A Review of the Evidence for a Neuroendocrine Link Between Stress, Depression and Diabetes Mellitus
Sherita Hill Golden
Affiliation: Johns Hopkins University School of Medicine, Division of Endocrinology and Metabolism, 2024 E. Monument Street, Suite 2-600, Baltimore, MD 21205, USA.
Keywords: pseudo-Cushing syndromes, Sympathetic nervous system, Cortisol Response, Major Depressive Disorder, Cognitive behavior therapy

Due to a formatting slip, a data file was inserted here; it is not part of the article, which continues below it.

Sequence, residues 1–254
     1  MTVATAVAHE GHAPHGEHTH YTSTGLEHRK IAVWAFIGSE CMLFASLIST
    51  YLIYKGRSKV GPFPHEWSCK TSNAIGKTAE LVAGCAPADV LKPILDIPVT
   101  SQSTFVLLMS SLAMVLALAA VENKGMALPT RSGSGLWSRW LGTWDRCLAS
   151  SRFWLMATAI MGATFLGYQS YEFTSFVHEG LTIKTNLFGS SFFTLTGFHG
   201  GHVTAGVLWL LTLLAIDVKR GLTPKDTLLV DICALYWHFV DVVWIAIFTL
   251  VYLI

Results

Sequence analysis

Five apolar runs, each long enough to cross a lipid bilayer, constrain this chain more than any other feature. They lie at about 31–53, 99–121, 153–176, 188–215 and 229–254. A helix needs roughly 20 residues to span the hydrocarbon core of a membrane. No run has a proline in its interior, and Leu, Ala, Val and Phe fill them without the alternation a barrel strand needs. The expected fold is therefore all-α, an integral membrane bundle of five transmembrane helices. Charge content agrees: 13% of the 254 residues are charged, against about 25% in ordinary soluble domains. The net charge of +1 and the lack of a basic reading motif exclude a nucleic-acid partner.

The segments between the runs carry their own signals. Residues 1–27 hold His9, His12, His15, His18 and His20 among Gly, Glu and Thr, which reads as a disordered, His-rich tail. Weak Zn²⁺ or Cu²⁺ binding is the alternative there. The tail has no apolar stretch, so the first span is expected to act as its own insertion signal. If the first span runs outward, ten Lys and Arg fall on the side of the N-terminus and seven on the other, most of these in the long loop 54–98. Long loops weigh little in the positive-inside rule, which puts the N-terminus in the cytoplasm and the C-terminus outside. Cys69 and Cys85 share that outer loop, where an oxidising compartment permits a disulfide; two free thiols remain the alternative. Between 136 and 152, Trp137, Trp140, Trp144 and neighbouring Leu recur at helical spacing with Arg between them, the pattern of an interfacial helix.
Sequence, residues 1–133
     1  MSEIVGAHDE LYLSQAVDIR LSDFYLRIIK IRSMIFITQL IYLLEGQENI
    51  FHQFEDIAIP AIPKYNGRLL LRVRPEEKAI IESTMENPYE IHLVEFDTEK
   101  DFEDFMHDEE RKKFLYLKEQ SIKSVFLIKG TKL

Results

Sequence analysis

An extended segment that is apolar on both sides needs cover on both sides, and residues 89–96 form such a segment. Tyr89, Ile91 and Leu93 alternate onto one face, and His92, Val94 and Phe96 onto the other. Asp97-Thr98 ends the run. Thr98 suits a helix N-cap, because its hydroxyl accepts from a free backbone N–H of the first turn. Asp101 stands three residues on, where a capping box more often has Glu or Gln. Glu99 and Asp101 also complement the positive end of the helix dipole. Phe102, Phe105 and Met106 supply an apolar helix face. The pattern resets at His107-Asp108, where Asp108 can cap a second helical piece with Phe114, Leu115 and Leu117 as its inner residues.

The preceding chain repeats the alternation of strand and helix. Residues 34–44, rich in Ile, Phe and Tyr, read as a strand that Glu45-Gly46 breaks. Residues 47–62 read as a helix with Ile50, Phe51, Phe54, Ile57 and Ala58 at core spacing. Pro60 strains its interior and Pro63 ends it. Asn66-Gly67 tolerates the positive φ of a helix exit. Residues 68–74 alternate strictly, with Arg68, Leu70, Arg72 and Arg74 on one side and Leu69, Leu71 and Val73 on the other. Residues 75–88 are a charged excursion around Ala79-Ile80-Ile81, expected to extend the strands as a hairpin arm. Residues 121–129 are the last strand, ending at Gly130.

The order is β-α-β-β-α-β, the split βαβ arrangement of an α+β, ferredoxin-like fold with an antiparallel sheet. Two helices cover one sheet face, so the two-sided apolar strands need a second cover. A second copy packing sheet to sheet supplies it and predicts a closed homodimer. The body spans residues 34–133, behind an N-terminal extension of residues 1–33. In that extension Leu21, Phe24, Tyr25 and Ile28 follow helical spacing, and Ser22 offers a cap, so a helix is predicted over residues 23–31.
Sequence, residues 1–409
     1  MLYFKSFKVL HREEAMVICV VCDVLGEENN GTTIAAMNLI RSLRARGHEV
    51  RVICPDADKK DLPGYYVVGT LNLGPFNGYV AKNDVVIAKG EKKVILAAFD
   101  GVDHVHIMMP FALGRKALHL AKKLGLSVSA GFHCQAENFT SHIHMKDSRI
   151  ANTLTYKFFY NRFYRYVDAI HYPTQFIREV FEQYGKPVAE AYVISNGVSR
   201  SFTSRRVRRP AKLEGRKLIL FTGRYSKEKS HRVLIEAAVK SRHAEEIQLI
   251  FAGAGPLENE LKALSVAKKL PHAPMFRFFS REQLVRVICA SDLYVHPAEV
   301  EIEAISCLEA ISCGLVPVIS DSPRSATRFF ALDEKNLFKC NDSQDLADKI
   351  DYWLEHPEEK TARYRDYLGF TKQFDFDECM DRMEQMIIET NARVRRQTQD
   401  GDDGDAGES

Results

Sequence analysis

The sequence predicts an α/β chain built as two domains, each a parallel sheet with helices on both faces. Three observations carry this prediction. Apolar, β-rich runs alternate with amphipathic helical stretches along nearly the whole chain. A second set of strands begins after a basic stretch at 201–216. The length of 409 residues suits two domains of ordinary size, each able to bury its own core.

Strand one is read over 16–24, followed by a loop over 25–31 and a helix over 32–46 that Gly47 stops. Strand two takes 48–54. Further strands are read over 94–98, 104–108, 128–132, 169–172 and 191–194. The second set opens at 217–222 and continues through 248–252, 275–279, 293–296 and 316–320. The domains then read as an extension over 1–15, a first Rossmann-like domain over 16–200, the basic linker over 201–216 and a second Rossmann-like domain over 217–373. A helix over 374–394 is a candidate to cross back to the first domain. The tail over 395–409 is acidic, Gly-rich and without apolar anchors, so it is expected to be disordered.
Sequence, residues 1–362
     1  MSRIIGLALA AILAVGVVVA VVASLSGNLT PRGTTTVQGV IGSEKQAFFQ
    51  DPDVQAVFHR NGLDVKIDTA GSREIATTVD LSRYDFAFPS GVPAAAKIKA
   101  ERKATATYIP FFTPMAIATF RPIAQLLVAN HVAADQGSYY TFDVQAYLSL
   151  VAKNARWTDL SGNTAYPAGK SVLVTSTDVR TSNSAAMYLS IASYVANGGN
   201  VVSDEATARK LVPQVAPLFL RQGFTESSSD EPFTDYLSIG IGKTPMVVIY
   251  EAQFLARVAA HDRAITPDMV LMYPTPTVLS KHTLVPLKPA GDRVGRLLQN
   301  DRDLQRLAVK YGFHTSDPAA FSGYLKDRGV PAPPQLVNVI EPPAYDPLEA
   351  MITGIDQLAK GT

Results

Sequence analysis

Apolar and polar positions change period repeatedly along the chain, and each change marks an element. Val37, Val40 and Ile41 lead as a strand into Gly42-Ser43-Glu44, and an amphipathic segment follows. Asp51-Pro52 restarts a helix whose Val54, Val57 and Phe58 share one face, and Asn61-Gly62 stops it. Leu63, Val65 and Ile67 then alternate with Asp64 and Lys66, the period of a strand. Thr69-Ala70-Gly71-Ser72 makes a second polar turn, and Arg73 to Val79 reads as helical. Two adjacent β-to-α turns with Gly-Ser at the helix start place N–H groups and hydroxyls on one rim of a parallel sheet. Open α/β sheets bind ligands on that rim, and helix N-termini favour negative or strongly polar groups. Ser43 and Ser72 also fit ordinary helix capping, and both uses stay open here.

Obesity and type 2 diabetes continue to be major public health burdens with type 2 diabetes rising in epidemic proportions. Since known risk factors do not explain all of the variance in the population, it is important to identify novel risk factors that can lead to development of new preventive measures. Chronic psychological stress and depression are associated with type 2 diabetes but the mechanism remains unclear. Neuroendocrine changes induced by these stressors, specifically activation of the hypothalamic-pituitaryadrenal (HPA) axis and sympathetic nervous system (SNS), might provide a unifying explanation. The objectives of this review are (1) to summarize the metabolic impact of HPA axis and SNS dysfunction induced by depression and stress, (2) to summarize the relation of neuroendocrine parameters to risk factors for diabetes, (3) to discuss the limitations of assessing neuroendocrine function in populationbased and intervention studies, and (4) to summarize the evidence of the impact of stress reduction, by cognitive behavior therapy (CBT), on neuroendocrine factors and on outcomes in diabetes and obesity.
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